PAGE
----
Summary: The Lord Jesus arrived in Jerusalem hailed by the Jews as the Davidic king who would restore Israel. He arrived not for that purpose, but to fulfill Isaiah's prophecy of the Suffering Servant who restored all of HIs people back to God. The first step was to restore His house.
The final week of Jesus' public ministry had started with His triumphal entry into Jerusalem, being hailed as the rightful heir of David and the One who would finally drive out the hated Roman Gentile oppressors and restore the nation of Israel back to its former glory, or so the people thought. Their preconceived notion was based on the past glory of the nation. They seemed to have forgotten that God's relationship with Israel was more important. They also conveniently left out the periods in their history where they abandoned God's rule and protection in order to go after the foreign idols of the neighboring nations which included the barbaric and forbidden practice of sacrificing their children to the bloodthirsty "god" Moloch (Leviticus 18:21, 20:3; 1 Kings 11:7; 2 Kings 23:10; Jeremiah 32:35). They also seemed to have forgotten the years of pleading with the kings and people by the prophets such as Isaiah, Jeremiah, Ezekiel to repent of these and other sins and debauchery that brought down their nation, placing them under the rule of Babylon, Persia, Greece, and now the iron hand of Rome.
The High Priests and other religious officials did not mind Rome being over them as long as their rituals and practices were left alone. They based their own preconceived notion on their roles as "the representatives of God's holiness" and "keepers of the Law". The Pharisees and Sadducees believed that these observations of the Law and traditions were sufficient enough to please God, but they had abandoned the true worship of God long ago. The rituals for atonement of the people's sins had become a rote, emotionless, and dead series of practices, but yet were seen by these groups as a means of income not just for the alleged "upkeep of God's Temple" but to line their own pockets with illicit gain. The High Priests had established a type of "racket" where they would "inspect" a lamb or other animal that a Jewish pilgrim would bring with them for the annual Passover sacrifice and feast (Exodus 12), declare that the animal was 'unclean" or somehow "blemished" and rejected. For a "nominal fee", the Temple authorities would have on hand an "unblemished" animal that one could use for the sacrifices. The "fee" was much more expensive, naturally, and so were the rates of money exchange. Greek drachmas and Roman coins were not acceptable as donations for Temple upkeep. They had to be shekels, the Jewish coins only. The rate of exchange fee? More than likely a huge sum that few could afford. All of these schemes in the name of faith were nothing more than "cash cows" for the religious elite.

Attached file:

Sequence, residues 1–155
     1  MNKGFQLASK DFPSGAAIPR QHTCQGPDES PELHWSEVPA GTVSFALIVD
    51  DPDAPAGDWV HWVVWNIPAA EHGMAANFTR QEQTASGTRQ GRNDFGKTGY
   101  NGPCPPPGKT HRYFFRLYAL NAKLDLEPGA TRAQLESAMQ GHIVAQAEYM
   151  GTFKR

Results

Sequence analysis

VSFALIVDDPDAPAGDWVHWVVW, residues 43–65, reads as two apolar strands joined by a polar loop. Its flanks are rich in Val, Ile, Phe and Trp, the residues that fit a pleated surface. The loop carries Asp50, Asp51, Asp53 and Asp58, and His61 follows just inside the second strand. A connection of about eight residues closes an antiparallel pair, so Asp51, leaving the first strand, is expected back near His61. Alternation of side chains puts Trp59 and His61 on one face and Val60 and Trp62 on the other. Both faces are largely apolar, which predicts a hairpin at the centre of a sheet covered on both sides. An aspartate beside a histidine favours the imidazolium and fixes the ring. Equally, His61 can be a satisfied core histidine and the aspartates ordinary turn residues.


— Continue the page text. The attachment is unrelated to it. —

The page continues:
The fig tree (Mark 11:12-14), although it had leaves and bore the signs of preparation to produce fruit, had nothing. Mark wrote that it was not yet the season for figs, yet this tree looked "right" and "ready" to produce its fruit early. It was symbolically all a "show" and a representation of the apostate worship and lives of the people of Israel. On the outside, the Jewish leadership and many of the citizens looked pious, holy, reverent, and ready to please the LORD, but it was nothing but a farce, and Jesus knew it. While Israel has been and always will be His chosen nation to give the world the Word of God and to obey Him, they have been disobedient, rebellious, idolatrous, and often played the game of devotion and religion to make themselves look good before God. They also had times of deep and earnest repentance for their sins, and turned to God after periods of chastisement, and we read about these times within the pages of the Hebrew Scriptures, or what is referred to by some as the Old Testament. We are no better, and many of you reading this message know it.
So, as Jesus prepares for what will be His last week of public ministry and final instructions to His disciples before he goes to the cross and completes His mission of atonement for the sins of humanity, He sees three problems for Israel and needs to confront them, rebuke them, and to open the eyes of the remnant of true believers that what they tend to expect from the LORD is all too often the exact opposite, and either a riot or revival occurs. There never has been any neutrality when it comes to the Lord Jesus Christ. It is either love or hate. With this in mind, His actions are going to stir up hatred from the majority of Israel. He will destroy any concept of the restoration of the country. He will destroy the false and vain religious systems that have replaced the love of God into the hearts of Israel, and He cursed the symbolic holiness and righteousness that Israel claimed to possess, but like the leafy fig tree, it was nothing but empty formalism and ritual that appeared to be the fruit of genuine devotion to God.